Last year at the Agile Testing Days 2013 in Potsdam there was a great presentation by David Evans about “Visualizing Quality”. It was about different ways of presenting data. One of the examples was the London Underground map.
Lancaster Gate to Paddington
Let’s say you are a tourist in London standing just outside Lancaster Gate Underground station on the Central Line (red) and your destination is Paddington station. Most tourists using a tube map choose the following way:
- Get on the Central Line (red) at Lancaster Gate
- After two stops at Notting Hill Gate change to Circle Line (yellow) or District Line (green)
- Go further 2 stops to your destination – Paddington Station.
Having a look at the London Underground map it is a valid choice. It absolutely makes sense to choose this option by the given representation of the data.
However it is not the only possible way. Of course you can use a different approach on the Underground itself. But you can also use a much shorter way. You can walk it. If we have a look at the second image (Google maps) we can clearly see that it is just a 10 minute walk from Lancaster Gate to Paddington and you are probably faster than waiting for a train and changing to a different line.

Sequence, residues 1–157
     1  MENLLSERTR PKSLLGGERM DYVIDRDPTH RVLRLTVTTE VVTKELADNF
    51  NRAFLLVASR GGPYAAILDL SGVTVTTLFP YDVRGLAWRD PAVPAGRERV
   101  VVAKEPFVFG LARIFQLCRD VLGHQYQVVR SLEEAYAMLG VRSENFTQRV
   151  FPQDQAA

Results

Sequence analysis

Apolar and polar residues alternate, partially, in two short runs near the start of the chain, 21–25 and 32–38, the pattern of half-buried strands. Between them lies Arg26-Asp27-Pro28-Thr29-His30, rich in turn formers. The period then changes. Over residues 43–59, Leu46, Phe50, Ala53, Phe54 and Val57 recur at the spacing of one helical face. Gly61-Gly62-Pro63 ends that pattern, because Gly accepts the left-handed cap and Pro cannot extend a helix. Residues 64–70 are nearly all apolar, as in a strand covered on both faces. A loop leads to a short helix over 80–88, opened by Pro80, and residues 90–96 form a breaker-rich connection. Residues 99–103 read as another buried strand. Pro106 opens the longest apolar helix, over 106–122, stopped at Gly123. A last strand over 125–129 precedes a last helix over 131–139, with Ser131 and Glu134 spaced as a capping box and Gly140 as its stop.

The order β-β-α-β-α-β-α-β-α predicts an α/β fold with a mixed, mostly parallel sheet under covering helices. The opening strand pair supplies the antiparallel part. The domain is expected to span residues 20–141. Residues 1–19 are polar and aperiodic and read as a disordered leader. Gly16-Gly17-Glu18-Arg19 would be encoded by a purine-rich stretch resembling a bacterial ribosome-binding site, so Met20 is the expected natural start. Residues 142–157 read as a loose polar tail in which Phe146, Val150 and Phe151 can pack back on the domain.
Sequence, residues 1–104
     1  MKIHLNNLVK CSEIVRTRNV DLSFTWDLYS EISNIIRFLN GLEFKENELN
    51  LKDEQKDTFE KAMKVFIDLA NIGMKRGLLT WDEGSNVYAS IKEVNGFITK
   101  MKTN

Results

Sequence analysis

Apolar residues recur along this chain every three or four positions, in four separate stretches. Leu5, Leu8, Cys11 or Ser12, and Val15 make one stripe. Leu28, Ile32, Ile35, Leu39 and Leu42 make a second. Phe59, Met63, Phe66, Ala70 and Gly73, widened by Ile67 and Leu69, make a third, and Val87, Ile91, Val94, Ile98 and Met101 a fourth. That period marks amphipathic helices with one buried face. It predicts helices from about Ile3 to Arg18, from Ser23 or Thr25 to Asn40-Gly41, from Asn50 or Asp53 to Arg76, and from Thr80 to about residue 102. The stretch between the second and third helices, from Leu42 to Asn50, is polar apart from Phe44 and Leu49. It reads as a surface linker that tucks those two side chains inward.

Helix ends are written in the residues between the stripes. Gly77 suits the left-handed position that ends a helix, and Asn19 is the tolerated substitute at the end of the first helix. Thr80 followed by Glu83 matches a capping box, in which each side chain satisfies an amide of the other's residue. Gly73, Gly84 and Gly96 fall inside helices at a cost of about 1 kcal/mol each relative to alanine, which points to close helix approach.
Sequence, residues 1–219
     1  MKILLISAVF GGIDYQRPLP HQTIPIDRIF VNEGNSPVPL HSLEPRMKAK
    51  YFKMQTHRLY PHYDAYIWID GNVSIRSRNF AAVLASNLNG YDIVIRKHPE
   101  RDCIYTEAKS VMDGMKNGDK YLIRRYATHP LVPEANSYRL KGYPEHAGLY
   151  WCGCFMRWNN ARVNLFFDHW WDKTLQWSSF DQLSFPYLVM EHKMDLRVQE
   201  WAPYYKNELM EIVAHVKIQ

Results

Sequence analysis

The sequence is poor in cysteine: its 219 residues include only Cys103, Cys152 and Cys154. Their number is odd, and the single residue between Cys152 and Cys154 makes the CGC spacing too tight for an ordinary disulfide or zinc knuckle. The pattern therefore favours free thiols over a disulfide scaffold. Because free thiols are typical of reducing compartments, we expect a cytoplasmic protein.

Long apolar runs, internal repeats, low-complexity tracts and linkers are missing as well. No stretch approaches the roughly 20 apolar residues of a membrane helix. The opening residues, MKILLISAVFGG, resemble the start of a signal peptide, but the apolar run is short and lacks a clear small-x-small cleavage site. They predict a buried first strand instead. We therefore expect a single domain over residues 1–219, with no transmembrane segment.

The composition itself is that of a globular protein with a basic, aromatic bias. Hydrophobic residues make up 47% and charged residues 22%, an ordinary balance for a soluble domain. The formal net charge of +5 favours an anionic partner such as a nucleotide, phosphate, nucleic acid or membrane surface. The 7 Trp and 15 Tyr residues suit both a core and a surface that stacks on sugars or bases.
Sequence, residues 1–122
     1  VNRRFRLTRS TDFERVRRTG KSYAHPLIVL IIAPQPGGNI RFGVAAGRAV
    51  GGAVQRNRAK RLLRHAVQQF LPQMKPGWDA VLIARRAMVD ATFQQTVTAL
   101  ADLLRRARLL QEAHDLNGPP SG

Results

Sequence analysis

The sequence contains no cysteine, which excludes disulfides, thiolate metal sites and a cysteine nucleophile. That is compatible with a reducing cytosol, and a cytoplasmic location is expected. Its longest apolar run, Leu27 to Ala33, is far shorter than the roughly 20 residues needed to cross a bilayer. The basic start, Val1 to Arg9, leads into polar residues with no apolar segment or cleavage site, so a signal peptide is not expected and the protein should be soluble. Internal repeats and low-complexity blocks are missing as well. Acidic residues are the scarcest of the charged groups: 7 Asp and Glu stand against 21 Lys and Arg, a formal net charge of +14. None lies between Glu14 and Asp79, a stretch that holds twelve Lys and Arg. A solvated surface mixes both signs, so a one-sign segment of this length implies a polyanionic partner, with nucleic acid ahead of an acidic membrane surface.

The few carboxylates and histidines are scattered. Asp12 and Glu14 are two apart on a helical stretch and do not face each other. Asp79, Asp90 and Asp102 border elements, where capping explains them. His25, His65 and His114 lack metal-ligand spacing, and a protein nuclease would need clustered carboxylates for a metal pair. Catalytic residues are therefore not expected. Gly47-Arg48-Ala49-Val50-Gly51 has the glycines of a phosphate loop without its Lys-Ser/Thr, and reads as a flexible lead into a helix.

What we can see here are two different ways of presenting data. The London Underground map was designed to show you all the lines and stops in a way that makes it easy to navigate through the public transportation network. Distances on this map often don’t concur with reality. Google maps in contrast shows us a different view for a different purpose.
For me this is a good example regarding the presentation of data. We can collect a lot of metrics on a project which in some cases can be important. What we should mind when we collect metrics is:
- the way we present them
- the audience the metrics are for
- the context and usage of the metrics
It’s not all about gathering data – it’s also about presenting them.